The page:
Stocks closed sharply higher after IBM's improved outlook kicked off a market rally.
In a preliminary earnings projection, International Business Machines said profits rose 24 percent in the fourth quarter from a year ago, sending shares up more than 6 percent and triggering a wave of enthusiasm among investors with a thirst for tech investments.
Yet with the Dow and the S&P falling about 4 percent since the beginning of 2008 and the Nasdaq off nearly 7 percent, the big question is how long the rally will last.
"This is probably a short-term bounce," said Jay Wong, portfolio manager at Los Angeles-based Payden & Rygel. "There's still a lot of overhang in the financial sector and there's no sign of it clearing itself up anytime soon. Earnings are going to be real important over the next couple of weeks."
A number of big banks have earnings reports out this week; M&T Bank was the first of major US banks to post earnings and said profit fell, hurt by turmoil in residential real estate markets. Earnings of 60 cents per share were well below expectations and shares were down about 1 percent.
Also, Philadelphia-based Sovereign Bancorp , the second-largest U.S. savings and loan, announced $1.58 billion of write-offs, sending its shares lower as well.
More news from the subprime collapse came to the sector when CNBC reported that Citigroupcould write down as much as $24 billion due to mortgage related losses when it reports quarterly earnings Tuesday. The company could also lay off as many as 22,000 employees as it attempts to cut costs and is looking to raise capital from a foreign investor.
Also expected to report dismal earnings are Merrill Lynch and a handful of others in the sector, though Merrill shares actually gained on the day as did those for most other investment banks.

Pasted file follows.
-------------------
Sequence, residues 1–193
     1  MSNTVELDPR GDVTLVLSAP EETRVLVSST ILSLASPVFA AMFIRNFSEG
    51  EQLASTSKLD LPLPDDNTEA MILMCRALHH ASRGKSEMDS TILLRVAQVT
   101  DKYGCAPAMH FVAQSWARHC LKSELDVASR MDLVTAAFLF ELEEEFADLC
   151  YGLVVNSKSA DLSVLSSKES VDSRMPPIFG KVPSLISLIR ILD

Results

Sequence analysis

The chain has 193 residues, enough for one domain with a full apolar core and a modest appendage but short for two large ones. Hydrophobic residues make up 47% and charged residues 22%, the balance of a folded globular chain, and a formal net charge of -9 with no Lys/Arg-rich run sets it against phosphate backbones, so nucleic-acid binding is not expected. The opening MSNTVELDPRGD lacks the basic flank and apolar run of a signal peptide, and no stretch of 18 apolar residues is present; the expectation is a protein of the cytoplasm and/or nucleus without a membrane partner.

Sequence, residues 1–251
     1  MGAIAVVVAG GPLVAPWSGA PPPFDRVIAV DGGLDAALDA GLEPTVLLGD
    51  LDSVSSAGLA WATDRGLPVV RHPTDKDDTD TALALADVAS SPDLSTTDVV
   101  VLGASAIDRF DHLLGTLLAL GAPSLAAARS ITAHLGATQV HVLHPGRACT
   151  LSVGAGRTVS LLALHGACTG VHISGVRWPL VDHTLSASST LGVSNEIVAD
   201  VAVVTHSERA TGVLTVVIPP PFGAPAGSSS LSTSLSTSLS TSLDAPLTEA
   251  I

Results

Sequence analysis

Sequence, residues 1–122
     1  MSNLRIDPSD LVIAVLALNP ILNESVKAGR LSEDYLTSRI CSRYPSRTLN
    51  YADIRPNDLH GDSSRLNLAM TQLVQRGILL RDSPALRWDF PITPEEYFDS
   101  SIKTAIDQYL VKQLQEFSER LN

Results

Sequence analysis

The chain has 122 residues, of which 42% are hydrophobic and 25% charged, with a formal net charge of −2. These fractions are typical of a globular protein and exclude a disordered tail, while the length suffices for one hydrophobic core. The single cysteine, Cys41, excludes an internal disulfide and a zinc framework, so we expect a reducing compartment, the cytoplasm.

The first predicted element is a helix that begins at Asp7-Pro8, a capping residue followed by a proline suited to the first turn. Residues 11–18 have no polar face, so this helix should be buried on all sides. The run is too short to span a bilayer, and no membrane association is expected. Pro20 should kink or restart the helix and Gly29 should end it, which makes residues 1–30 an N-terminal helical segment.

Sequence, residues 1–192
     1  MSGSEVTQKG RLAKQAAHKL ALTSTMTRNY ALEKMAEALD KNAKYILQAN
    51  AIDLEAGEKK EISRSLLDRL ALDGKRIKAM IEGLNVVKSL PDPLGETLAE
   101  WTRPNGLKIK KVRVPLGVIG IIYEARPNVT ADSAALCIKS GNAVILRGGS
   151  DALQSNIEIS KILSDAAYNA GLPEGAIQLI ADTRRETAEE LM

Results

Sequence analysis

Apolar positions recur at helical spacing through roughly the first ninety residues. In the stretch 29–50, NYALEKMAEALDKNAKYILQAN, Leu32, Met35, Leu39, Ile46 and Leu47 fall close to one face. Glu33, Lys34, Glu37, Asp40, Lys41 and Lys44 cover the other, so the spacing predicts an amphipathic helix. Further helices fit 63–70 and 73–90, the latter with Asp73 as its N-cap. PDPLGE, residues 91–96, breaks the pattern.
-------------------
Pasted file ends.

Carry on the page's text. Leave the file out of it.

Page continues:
Credit Suisse upgraded the market generally to "overweight" on the sense that a looming interest rate cut would boost Wall Street.
But the Fed is unlikely to cut rates ahead of its policy meeting at the end of the month, The Wall Street Journal reported.
Talk of a rate cut slammed the dollar, which dropped to a record low versus the Swiss franc and seven-week lows against the euro and yen. Gold, though, moved to a historic high about $910 as investors sought to buy on rate-cut expectations.
Tech Tough, but Retail Still Weak
But for today, tech ruled the market.
Bellwethers Google, Apple and Microsoft all scored on the IBM momentum. Chipmaker Intel also moved well to the upside, a day ahead of its earnings report.
"What you're seeing is a good announcement from IBM and some rumors that the Fed might be a little more proactive in preventing a recession -- all that equals good news," Wong said. "Enjoy the gains while you can, that's the camp I come from."
On the downside, Sears Holdings was hurting after the company reported that the poor December holiday shopping season saw same-store shares fall and would hinder fourth- quarter results.
Retailers overall were not sharing in the day's prosperity, after Goldman Sachs cut price targets for a number of companies in the sector, including Coach , Tiffany and Family Dollar.
In pharmaceuticals, shares dropped at Merck and Schering Plough after a closely watched study involving their Vytorin cholesterol treatment failed to reach its main goal.
There were no economic reports on tap today -- though the rest of the week held a busy slate -- but more earnings were due after the bell from Genentech , which analysts expect to show a profit of 67 cents per share.